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The Australasian by NewsServices.com

  • Written by Hugh Campbell


Andrew Hoggard’s resignation in May as president of Federated Farmers, followed swiftly by his appearance high on the ACT Party’s candidate list, might have seemed seem like just another of the election’s minor subplots.

But this abrupt change of political hats represents the latest step in a 20-year journey that has seen one of the oldest and most powerful political alliances in New Zealand history begin to break.

For the first time in more than a century, farmers are not all in the same political paddock.

Farming has long defied gravity as an electoral force in New Zealand. Despite comprising less than 5% of the population, farmers have achieved an extraordinary level of political power.

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This has had less to do with the kind of agrarian populism of the 19th and 20th centuries that has fascinated political scientists, than with careful alliance-building and a unity of purpose: “We are all in this together.”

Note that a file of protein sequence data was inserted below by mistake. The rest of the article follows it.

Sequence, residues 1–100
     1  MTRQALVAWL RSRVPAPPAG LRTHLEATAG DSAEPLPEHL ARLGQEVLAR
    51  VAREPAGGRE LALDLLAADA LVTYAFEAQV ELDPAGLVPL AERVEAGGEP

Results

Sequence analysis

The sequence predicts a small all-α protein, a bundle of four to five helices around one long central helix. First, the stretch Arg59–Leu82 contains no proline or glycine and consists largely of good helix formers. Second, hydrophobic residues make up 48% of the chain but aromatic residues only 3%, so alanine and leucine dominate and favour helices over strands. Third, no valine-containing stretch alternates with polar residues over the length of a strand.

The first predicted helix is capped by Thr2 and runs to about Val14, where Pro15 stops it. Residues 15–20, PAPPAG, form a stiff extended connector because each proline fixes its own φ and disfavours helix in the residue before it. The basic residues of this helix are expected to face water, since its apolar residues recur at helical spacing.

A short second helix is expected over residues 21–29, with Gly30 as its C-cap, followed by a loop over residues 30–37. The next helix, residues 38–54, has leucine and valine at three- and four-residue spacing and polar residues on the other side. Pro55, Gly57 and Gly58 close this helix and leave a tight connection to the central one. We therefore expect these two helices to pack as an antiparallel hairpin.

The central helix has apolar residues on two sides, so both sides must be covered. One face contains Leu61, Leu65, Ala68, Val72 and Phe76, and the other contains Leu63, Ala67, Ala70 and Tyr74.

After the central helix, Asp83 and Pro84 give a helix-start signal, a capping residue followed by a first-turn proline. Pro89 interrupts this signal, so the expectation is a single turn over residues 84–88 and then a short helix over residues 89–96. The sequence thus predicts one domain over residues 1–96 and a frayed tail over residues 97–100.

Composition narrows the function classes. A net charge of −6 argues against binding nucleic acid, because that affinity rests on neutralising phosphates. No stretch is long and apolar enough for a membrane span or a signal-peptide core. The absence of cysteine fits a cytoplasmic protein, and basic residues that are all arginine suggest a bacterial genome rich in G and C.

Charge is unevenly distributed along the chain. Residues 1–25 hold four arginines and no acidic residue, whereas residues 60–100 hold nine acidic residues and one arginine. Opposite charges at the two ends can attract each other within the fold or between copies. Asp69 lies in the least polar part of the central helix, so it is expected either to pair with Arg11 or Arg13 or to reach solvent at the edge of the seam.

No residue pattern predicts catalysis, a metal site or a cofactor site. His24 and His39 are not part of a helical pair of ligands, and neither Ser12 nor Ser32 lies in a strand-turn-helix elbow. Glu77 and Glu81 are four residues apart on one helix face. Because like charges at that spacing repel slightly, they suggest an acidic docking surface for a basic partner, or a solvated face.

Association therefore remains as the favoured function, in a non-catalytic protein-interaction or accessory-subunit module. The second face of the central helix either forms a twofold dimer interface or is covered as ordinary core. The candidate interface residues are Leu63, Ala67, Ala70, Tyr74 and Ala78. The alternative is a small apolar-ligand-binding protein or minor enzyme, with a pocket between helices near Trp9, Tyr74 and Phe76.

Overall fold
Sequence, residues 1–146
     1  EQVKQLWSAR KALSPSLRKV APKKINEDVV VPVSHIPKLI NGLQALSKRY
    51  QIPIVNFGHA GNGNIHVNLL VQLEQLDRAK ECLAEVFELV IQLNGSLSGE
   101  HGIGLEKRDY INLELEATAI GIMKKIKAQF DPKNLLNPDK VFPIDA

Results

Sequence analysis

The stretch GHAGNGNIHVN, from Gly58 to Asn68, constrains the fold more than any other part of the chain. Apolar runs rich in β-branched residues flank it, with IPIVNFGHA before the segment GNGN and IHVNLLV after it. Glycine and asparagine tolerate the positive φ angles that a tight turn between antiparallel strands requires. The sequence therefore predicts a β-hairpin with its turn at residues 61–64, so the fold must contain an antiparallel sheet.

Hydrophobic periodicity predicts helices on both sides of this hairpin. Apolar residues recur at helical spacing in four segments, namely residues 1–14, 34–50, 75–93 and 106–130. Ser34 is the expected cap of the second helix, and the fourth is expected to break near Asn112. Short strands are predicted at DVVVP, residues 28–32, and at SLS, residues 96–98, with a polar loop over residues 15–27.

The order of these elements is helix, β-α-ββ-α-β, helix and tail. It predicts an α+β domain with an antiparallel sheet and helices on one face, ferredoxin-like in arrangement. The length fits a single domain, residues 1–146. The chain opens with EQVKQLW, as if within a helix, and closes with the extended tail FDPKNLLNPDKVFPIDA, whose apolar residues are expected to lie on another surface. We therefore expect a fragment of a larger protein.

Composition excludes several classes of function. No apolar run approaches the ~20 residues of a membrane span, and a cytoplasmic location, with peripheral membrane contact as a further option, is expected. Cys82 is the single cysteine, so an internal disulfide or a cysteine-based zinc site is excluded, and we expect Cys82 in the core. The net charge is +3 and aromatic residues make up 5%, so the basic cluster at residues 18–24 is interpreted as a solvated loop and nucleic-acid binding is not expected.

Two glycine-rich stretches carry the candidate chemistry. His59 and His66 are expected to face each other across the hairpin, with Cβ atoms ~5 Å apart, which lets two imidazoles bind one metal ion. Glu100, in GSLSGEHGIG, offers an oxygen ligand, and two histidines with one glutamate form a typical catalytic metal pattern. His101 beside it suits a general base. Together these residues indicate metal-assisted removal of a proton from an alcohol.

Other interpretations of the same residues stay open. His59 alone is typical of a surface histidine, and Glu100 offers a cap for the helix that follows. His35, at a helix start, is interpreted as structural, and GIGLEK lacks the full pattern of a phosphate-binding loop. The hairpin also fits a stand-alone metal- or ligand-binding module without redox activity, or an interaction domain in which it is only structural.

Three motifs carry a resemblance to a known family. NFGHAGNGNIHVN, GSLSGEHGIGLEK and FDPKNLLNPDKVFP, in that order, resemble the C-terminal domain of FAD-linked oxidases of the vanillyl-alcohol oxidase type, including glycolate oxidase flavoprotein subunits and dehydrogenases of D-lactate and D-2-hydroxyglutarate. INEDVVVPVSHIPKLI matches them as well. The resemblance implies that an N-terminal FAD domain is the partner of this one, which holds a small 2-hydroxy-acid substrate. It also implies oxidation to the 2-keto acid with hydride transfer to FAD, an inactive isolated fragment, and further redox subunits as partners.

But that can no longer be said of the farming sector, which is undergoing a transformation with significant implications for New Zealand’s broader political landscape.

 

The end of farmer power

For most of the 20th century, pastoral farming was the most important economic sector in New Zealand. Farmers solidified their influence by capturing both the formal mechanisms of government – through a close alliance with the National Party, and indirectly through important quasi-governmental organisations like the Wool Board.

 
 

Under the old “first past the post” voting system, rural electorates held significant power due to left-leaning votes being concentrated in urban electorates. This meant the farming vote in key marginal rural seats could swing elections in favour of the National Party.